For Immediate Release: Sunday, 31 July 2011
The Black Sash is concerned about the increased risk of harassment, arrest and mass deportation of undocumented Zimbabweans now that the moratorium on their explusion has expired. The Department of Home Affairs had warned earlier in the year that any Zimbabwean found to be without proper legal documentation after the 31 July cut-off date, would be arrested and sent back home. But the veteran human rights organisation insists that the mass deportation of more than a million Zimbabwean is not a solution to our migration challenges and could possibly inflame xenophobia in southern Africa.
Black Sash Advocacy Programme Manager Nkosikhulule Nyembezi says although Home Affairs has promised a grace period to allow for appeals and voluntary returns, hundreds of thousands of displaced Zimbabweans waiting for their status determination process to be finalised will be left vulnerable to arrest, detention and deportation. “Only about a fifth of the estimated 1.5 million Zimbabweans in South Africa are in the asylum process or have been documented so far, leaving the majority exposed to deportation. There is little evidence to suggest that detention and deportation are effective deterrents or migration management tools. In fact, we have witnessed the repeated return of most of those who are deported,” says Nyembezi.
The Black Sash repeats its call on government to develop a comprehensive and progressive policy on immigration that is aligned with international protocols and respects, protects and promotes the human rights and values enshrined in our Constitution. These policies and practices need to take cognisance of our particular location in Africa, trends towards regional integration and the inevitability of foreign nationals travelling to South Africa to seek shelter in our democracy.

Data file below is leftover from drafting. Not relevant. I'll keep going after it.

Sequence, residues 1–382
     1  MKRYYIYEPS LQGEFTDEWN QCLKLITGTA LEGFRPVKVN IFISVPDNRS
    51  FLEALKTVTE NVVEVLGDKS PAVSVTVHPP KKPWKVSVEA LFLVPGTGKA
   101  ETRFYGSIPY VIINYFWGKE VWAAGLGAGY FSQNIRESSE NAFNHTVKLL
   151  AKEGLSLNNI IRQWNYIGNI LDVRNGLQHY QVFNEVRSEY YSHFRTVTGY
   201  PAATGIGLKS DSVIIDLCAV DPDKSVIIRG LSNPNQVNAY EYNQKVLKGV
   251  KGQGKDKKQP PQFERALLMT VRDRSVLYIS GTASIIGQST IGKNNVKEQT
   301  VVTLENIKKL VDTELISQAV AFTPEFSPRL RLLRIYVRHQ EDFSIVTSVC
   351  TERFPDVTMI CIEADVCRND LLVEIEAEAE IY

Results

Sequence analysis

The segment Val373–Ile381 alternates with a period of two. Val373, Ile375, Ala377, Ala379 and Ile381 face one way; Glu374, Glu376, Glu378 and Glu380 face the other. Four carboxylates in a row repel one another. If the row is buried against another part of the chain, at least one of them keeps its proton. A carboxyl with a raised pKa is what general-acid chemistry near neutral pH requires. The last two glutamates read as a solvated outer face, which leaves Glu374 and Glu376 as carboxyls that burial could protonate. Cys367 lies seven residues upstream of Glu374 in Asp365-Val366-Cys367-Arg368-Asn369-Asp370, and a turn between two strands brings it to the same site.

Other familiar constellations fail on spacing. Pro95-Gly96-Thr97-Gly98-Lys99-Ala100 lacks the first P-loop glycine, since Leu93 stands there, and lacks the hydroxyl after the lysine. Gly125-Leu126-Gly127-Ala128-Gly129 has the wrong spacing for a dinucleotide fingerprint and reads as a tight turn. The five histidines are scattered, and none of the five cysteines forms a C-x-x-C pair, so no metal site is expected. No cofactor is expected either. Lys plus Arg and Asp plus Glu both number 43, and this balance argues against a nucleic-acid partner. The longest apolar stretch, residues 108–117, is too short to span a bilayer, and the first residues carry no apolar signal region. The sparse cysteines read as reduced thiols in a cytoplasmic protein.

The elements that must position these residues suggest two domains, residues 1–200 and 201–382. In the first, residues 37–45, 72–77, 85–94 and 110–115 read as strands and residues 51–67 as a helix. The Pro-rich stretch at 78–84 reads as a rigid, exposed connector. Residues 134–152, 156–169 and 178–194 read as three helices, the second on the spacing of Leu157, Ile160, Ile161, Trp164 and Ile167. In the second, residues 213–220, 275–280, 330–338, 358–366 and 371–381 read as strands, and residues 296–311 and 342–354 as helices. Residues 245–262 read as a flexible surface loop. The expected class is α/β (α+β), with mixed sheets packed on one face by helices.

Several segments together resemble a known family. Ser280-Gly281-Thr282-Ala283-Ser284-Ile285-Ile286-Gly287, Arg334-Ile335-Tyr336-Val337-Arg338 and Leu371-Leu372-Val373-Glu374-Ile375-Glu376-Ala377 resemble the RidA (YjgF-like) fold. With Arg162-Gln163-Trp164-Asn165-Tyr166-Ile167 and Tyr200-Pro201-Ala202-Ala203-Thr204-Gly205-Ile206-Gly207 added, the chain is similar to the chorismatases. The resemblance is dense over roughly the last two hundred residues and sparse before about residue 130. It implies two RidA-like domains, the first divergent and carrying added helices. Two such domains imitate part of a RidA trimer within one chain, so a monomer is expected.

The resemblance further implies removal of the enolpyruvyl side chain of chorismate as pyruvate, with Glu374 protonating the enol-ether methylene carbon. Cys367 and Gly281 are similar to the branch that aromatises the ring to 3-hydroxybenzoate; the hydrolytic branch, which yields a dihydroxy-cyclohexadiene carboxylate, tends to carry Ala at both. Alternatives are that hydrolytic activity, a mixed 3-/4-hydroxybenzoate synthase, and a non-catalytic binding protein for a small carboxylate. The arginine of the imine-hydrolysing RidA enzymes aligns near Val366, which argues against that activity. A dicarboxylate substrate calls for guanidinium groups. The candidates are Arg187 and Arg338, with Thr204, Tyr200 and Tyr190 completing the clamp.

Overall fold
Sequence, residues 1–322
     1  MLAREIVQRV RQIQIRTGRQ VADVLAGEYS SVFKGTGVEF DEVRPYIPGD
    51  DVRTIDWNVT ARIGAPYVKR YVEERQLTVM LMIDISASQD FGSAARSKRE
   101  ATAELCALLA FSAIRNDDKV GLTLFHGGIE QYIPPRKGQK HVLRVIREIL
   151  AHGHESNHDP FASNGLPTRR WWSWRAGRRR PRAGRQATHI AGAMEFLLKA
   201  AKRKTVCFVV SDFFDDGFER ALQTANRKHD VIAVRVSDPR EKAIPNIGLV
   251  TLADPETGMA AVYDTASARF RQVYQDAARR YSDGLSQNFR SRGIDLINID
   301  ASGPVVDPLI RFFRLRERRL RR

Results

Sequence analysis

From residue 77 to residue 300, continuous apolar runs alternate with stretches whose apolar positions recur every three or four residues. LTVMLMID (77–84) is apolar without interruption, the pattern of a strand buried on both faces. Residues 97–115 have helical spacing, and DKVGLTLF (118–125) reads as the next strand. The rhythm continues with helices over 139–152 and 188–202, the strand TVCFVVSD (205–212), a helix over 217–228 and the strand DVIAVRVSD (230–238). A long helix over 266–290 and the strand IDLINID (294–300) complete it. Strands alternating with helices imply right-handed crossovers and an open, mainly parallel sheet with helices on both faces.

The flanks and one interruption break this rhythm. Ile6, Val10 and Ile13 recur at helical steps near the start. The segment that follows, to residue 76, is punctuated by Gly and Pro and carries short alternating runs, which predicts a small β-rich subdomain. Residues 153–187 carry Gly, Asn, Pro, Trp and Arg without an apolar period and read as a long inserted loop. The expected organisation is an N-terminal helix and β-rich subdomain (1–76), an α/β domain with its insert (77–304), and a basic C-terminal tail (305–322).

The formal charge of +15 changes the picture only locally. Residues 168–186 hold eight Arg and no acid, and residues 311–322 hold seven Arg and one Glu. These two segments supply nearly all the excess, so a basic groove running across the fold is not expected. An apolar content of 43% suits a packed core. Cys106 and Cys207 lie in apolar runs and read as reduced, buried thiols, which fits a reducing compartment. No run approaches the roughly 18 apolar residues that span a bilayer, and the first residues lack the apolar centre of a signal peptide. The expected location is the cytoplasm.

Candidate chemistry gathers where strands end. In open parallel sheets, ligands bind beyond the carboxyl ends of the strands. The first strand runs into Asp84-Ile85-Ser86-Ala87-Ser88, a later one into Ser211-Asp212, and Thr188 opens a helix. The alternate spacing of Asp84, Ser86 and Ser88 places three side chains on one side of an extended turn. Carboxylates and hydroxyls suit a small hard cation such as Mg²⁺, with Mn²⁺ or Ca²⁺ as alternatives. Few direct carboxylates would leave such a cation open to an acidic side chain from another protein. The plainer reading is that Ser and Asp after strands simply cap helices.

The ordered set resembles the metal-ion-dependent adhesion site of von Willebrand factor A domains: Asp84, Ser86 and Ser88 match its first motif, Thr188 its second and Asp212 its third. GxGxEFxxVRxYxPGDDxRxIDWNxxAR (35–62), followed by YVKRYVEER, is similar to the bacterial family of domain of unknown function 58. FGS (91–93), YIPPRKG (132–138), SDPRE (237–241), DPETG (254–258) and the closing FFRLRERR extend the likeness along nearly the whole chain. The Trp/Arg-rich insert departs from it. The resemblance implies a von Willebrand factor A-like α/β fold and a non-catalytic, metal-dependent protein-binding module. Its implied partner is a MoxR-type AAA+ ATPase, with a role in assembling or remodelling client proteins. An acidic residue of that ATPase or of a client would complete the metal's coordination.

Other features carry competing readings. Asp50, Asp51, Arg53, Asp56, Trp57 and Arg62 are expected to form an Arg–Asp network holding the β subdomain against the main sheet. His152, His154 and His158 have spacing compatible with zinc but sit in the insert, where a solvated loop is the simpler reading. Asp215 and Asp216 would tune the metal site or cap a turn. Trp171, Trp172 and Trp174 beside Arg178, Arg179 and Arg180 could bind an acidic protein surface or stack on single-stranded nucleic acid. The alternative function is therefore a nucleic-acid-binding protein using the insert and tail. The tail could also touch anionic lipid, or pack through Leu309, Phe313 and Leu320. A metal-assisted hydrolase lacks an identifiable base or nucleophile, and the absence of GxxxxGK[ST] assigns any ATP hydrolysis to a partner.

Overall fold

Nyembezi insists deportation should only be carried out as a last resort. “Home Affairs needs to urgently and clearly communicate its strategy and plans for managing those Zimbabweans who fall outside the special dispensation process in order to allay growing fears and uncertainty within these communities. This strategy must take into account the needs of vulnerable groups such as women, children, the elderly and those receiving medical treatment. We call on police and immigration officials to resist profiling people according to their language and looks, and arresting or harassing foreign nationals on suspicion that they are illegally in South Africa,” says Nyembezi.
The Black Sash implores government leaders in the SADC region to double their efforts to find a lasting political solution to the problems in Zimbabwe in order to restore stability to the region as a whole.
Read the Black Sash information sheet and flyer on the Rights of Refugees
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